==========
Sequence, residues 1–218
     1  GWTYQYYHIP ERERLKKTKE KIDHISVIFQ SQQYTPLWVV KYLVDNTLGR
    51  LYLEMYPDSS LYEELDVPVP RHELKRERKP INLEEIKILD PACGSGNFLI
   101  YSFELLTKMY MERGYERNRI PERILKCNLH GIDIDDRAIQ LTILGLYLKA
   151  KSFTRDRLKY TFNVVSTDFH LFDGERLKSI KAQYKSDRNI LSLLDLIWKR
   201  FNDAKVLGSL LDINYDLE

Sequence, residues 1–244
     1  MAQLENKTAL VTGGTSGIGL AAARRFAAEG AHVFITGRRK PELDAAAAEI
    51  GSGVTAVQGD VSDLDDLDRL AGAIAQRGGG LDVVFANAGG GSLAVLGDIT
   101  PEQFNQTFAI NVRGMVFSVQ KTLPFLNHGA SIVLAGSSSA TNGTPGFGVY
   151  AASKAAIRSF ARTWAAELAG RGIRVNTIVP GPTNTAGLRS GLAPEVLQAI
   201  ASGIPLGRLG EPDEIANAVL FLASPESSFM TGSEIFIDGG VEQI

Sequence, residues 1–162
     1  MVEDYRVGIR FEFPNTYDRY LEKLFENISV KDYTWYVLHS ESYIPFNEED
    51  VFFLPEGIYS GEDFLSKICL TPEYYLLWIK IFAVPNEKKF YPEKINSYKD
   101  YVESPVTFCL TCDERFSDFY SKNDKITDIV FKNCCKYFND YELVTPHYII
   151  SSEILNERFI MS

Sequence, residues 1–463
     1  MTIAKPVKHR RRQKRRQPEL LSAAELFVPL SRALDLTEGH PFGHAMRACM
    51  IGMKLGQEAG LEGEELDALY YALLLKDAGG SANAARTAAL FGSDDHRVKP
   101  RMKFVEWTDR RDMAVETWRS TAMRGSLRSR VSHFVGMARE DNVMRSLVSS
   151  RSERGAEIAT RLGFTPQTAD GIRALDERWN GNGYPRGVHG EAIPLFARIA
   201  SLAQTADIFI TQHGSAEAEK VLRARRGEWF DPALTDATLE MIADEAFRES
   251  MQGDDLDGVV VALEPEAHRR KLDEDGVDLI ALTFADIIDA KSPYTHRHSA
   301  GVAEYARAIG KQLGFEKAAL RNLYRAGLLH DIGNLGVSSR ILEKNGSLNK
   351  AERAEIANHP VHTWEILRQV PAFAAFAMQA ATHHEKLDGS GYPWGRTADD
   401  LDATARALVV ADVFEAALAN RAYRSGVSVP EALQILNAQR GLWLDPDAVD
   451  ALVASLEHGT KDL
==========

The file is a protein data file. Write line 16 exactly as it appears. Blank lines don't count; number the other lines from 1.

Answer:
   101  YVESPVTFCL TCDERFSDFY SKNDKITDIV FKNCCKYFND YELVTPHYII